As it was explained to us, if my brother had not had the PSA test done and had the operation when he did from the beginning, it would have taken 8 years for him to see the signs of prostate cancer. At that time he would have been a higher stage and from there, he would be given treatment and the possiblility of another 4-5 years survival. That is if he hadn't done anything after his first high reading. The RO then said that by my brother having his prostate removed increased his live expectancy. Now that his PSA has slowly climbed and taking the actions he is now ( radiation ) will insure a healthy and long life from the words of his RO. My brother is now 61. Although he was going to get radiation, he also volunteered to be part of a study as to the results of 3 groups that would receive radiation in all groups, but the other 2 groups would receive other meds as well to see if one is better then the other as far as future treatments to prostate patients.

    As always we are own advacate, I have had cancer twice and fought this beast. As you said, you have allot to think about before Wednesday. Do you wait and see the results of your next PSA to see if the reading levels drop off at 0.1 or 0.0 which is the best reading. The 0.1 is not bad either as long as it stays there.

    My Doctor told me that some things can cause a higher reading of the PSA blood work, such as having sex a few days before the blood test. Also, spicy foods, heavy lifting of objects several days ahead of the blood work as well. It is a balancing act to say the least.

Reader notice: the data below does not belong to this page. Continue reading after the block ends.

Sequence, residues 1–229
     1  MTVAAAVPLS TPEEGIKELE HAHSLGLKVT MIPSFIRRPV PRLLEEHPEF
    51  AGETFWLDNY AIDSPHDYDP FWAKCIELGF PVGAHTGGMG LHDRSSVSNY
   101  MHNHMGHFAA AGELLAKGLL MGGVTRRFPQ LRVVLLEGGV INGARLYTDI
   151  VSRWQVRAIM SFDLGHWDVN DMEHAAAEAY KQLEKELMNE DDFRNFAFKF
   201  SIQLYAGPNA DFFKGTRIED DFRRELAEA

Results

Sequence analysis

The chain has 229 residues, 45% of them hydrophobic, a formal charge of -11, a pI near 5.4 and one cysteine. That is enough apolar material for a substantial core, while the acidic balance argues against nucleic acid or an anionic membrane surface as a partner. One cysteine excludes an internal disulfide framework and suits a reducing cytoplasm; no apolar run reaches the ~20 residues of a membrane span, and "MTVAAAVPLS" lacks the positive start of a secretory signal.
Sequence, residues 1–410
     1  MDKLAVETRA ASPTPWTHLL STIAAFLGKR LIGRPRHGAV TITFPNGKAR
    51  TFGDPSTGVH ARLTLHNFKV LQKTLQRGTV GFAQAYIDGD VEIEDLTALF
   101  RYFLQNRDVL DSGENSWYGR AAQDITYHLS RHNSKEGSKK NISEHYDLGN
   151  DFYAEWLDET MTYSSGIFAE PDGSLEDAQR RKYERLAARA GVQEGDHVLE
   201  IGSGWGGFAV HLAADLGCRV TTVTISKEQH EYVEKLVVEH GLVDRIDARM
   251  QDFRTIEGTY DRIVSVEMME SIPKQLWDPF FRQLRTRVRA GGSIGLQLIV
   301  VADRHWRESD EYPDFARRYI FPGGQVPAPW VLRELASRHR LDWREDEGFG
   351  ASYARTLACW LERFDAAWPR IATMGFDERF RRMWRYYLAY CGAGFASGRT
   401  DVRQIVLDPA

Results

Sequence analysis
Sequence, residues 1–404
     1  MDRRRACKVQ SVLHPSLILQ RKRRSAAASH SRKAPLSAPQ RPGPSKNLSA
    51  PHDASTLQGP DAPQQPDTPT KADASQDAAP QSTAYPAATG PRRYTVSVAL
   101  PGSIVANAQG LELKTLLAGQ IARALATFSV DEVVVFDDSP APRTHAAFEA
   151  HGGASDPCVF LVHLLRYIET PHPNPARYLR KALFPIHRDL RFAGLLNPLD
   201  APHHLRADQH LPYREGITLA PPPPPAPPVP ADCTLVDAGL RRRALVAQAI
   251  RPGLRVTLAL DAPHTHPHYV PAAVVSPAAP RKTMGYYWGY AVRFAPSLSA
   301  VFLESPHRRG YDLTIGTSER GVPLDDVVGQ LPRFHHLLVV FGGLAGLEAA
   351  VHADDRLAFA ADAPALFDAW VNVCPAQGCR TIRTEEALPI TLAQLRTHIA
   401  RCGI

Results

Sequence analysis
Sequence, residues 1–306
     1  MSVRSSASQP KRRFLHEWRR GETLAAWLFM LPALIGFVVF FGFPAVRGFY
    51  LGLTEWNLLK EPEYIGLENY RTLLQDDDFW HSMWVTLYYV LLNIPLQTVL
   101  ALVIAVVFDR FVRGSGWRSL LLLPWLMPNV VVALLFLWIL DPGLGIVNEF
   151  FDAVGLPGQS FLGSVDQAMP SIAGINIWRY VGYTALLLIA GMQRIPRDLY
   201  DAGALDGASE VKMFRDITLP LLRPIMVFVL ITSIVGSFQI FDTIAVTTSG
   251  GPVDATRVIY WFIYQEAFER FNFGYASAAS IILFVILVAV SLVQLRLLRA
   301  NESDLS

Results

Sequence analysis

Sorry for adding to the things that you have to think about, but we need all the information we can get to make sound decisions. If you feel better by getting the radiation done now and have peace of mind, then that may be the road that you take verses what the next patient does. I know many men that choose the radiation only verses having the prostate removed. They seem to do well also.

    My Best to You and Everyone Here

Thank you again for your input with your brothers experence. Do you remember how long after his surgery the first PSA test was done with the .3 reading? My test was done 8 weeks after surgery. What my surgeon told me the half life of PSA is about 3 days. What that means that every 3 days the PSA level should drop half of what you started with prior to surgery. So if orginal PSA pre surgery was 5, 3 days after surgery it should be 2.5, then 3 days later 1.25 until it gets to the lowest reading. 

This is a very gut wrenching decision

Regards

Wilbert